The crucial breakthrough in battery research?
Together with an Indian company, a Fraunhofer institute has developed a battery that could advance the Energy Transition. A brief interview.
Dr. Weidl, you are at the Energy Storage Europe fair in Düsseldorf as we speak. What are you doing there?
I and my colleagues from the Fraunhofer Institute for Ceramic Technologies and Systems are supporting the Indian company R Cube Energy Storage in its presentation of a battery cell we have developed together. We only recently signed a Memorandum of Understanding in the Indian city of Pune in order to bring these ceramic high-temperature batteries to market in Germany.
Which sort of technology does this concern exactly?
Our sodium nickel chloride battery is based on technology that has been available since the 1970s. The principle offers numerous advantages – such as extremely high safety and zero maintenance – however, to date production has simply been too expensive. We have now been able to significantly lower production costs and believe this to be a breakthrough. What’s more, nickel and table salt are cheaper than lithium, which has been used up until now, and they are available world-wide.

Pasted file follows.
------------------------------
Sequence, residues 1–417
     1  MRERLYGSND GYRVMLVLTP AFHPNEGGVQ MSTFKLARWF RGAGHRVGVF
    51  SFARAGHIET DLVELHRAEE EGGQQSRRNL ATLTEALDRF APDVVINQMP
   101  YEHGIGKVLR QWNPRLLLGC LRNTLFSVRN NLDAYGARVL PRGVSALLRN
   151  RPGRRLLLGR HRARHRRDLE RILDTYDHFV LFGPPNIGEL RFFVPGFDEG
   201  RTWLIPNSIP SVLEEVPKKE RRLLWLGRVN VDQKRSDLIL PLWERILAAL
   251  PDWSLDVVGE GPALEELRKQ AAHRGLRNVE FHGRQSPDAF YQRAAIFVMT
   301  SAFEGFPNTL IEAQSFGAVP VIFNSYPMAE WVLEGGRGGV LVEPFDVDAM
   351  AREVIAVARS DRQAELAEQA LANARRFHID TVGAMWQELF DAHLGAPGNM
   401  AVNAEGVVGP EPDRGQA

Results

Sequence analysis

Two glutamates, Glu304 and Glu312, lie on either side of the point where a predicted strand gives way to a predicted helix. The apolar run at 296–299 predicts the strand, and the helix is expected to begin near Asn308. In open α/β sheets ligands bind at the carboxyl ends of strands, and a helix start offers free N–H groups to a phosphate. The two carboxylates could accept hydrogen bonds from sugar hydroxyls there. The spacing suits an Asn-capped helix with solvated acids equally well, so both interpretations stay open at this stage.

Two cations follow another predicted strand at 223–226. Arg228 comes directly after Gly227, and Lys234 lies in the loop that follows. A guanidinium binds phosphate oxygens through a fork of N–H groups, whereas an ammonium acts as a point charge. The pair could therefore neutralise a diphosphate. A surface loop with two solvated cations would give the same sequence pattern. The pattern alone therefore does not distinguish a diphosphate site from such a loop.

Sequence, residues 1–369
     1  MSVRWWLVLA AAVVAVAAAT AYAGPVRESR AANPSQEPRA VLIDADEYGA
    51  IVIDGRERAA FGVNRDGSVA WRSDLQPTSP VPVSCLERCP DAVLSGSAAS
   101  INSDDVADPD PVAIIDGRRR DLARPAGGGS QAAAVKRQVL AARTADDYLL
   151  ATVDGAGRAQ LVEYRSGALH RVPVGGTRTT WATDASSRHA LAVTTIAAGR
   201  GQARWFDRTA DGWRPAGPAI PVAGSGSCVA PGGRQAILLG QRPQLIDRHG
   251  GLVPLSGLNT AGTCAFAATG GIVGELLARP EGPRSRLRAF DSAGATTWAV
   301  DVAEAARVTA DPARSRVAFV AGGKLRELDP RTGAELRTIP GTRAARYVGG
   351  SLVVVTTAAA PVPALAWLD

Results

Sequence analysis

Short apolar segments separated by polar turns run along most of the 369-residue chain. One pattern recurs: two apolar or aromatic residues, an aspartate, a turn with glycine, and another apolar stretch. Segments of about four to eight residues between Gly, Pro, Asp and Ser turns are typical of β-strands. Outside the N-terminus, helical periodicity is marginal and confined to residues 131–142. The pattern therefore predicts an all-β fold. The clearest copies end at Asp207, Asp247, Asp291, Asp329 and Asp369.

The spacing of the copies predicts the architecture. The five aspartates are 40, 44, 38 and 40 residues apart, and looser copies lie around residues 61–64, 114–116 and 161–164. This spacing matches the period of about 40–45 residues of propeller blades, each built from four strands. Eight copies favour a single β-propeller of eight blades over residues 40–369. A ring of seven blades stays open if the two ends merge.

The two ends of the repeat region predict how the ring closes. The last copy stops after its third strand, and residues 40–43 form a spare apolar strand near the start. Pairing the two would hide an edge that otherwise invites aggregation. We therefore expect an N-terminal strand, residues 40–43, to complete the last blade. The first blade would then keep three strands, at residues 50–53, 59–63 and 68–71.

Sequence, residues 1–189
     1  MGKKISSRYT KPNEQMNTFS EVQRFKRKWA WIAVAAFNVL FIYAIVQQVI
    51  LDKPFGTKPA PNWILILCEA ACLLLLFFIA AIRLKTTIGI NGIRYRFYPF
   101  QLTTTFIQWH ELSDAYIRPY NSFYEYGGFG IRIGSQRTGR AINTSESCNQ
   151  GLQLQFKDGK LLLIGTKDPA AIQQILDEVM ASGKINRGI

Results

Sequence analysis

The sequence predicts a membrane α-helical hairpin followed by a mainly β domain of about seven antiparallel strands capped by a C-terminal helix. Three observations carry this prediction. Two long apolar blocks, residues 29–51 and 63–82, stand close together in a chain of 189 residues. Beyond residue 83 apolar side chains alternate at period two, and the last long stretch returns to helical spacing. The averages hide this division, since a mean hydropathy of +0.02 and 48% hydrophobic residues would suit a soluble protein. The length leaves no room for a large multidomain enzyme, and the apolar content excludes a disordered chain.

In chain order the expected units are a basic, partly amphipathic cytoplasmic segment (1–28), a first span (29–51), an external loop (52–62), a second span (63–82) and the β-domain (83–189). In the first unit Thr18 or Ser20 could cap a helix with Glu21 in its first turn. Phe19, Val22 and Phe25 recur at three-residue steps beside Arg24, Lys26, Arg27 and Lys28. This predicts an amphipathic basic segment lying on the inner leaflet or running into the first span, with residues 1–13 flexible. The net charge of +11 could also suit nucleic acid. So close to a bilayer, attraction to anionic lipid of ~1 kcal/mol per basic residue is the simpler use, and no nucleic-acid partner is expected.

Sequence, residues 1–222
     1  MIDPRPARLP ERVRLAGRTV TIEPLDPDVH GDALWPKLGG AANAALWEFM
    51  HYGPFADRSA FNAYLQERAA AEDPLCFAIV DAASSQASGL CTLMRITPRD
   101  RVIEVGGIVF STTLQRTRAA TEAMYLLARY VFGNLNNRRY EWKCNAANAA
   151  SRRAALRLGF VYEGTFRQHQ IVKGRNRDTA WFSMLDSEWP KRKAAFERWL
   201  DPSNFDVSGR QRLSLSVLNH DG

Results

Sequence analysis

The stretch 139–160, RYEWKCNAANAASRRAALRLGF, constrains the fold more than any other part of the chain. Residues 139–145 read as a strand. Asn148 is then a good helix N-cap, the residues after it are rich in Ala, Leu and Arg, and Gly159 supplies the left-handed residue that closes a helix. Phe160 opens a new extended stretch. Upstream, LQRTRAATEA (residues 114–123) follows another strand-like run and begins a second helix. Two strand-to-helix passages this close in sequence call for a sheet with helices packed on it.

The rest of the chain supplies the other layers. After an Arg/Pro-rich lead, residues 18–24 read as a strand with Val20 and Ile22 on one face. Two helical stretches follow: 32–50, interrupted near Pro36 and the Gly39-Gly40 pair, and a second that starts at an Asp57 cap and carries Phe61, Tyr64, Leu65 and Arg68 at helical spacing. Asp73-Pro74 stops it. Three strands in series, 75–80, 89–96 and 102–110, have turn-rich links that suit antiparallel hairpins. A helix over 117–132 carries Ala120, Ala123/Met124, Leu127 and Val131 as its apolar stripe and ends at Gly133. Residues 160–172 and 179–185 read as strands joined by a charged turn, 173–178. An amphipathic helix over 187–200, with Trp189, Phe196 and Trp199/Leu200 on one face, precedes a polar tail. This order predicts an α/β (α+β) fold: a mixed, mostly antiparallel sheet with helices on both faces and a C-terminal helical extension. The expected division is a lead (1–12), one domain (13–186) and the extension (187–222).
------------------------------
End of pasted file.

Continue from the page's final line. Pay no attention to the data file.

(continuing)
Battery storage solutions are a big talking point in Germany. What contribution can your technology make in this respect?
Before now, the main impediment was the high price. For private homes it was simply too expensive to store the energy obtained using a solar collector, because the batteries were too pricey. I think we have been able to lower costs sufficiently for it to now be worthwhile. Our energy storage is ideal for private and stationary use.
Interview: Martin Orth
Dr. Roland Weidl is Department Director at the Fraunhofer Institute for Ceramic Technologies and Systems (IKTS), where he is responsible for the development of innovative energy systems. The Fraunhofer Institute IKTS operates facilities in Dresden and Hermsdorf (Thuringia) and is the largest ceramics research institute in Europe.
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